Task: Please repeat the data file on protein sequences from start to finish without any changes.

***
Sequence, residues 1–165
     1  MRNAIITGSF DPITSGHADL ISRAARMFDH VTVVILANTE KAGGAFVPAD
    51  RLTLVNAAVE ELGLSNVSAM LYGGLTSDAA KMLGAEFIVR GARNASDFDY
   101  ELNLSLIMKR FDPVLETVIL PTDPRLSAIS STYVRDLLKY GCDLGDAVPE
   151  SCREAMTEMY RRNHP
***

Sequence, residues 1–165
     1  MRNAIITGSF DPITSGHADL ISRAARMFDH VTVVILANTE KAGGAFVPAD
    51  RLTLVNAAVE ELGLSNVSAM LYGGLTSDAA KMLGAEFIVR GARNASDFDY
   101  ELNLSLIMKR FDPVLETVIL PTDPRLSAIS STYVRDLLKY GCDLGDAVPE
   151  SCREAMTEMY RRNHP